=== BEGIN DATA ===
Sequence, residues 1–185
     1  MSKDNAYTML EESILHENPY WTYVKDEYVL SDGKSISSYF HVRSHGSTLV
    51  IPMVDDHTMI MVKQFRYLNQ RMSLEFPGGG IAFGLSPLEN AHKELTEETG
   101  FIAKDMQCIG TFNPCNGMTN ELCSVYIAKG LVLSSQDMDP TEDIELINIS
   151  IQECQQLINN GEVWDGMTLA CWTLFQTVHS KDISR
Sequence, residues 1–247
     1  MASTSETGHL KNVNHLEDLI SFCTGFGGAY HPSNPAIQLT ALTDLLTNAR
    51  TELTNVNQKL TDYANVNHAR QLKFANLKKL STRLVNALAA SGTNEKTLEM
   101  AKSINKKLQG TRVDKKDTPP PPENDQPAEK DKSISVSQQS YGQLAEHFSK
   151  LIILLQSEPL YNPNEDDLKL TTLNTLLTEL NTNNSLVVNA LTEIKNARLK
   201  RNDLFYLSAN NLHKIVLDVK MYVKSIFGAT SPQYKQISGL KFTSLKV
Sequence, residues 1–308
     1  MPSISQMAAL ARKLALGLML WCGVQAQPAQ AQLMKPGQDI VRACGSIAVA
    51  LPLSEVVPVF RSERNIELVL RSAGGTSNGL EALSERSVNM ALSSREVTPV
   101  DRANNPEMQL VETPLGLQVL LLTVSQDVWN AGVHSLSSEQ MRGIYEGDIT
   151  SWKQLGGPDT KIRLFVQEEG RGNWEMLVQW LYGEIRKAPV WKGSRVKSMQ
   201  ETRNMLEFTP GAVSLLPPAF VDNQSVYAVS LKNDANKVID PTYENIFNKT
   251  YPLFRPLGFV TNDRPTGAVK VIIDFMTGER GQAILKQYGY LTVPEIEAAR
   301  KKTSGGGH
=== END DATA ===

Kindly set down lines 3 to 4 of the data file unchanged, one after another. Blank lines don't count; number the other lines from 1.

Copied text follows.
    51  IPMVDDHTMI MVKQFRYLNQ RMSLEFPGGG IAFGLSPLEN AHKELTEETG
   101  FIAKDMQCIG TFNPCNGMTN ELCSVYIAKG LVLSSQDMDP TEDIELINIS